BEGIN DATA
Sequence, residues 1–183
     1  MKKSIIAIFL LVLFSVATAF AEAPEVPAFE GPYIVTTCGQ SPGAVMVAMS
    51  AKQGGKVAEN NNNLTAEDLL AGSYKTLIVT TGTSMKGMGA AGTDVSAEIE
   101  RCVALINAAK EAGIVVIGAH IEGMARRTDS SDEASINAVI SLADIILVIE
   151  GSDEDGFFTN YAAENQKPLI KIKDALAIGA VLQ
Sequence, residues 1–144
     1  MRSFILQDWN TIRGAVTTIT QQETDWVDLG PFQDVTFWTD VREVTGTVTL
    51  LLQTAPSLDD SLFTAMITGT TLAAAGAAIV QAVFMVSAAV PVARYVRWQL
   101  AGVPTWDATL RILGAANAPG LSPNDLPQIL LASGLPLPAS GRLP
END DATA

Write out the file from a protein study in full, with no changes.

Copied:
Sequence, residues 1–183
     1  MKKSIIAIFL LVLFSVATAF AEAPEVPAFE GPYIVTTCGQ SPGAVMVAMS
    51  AKQGGKVAEN NNNLTAEDLL AGSYKTLIVT TGTSMKGMGA AGTDVSAEIE
   101  RCVALINAAK EAGIVVIGAH IEGMARRTDS SDEASINAVI SLADIILVIE
   151  GSDEDGFFTN YAAENQKPLI KIKDALAIGA VLQ
Sequence, residues 1–144
     1  MRSFILQDWN TIRGAVTTIT QQETDWVDLG PFQDVTFWTD VREVTGTVTL
    51  LLQTAPSLDD SLFTAMITGT TLAAAGAAIV QAVFMVSAAV PVARYVRWQL
   101  AGVPTWDATL RILGAANAPG LSPNDLPQIL LASGLPLPAS GRLP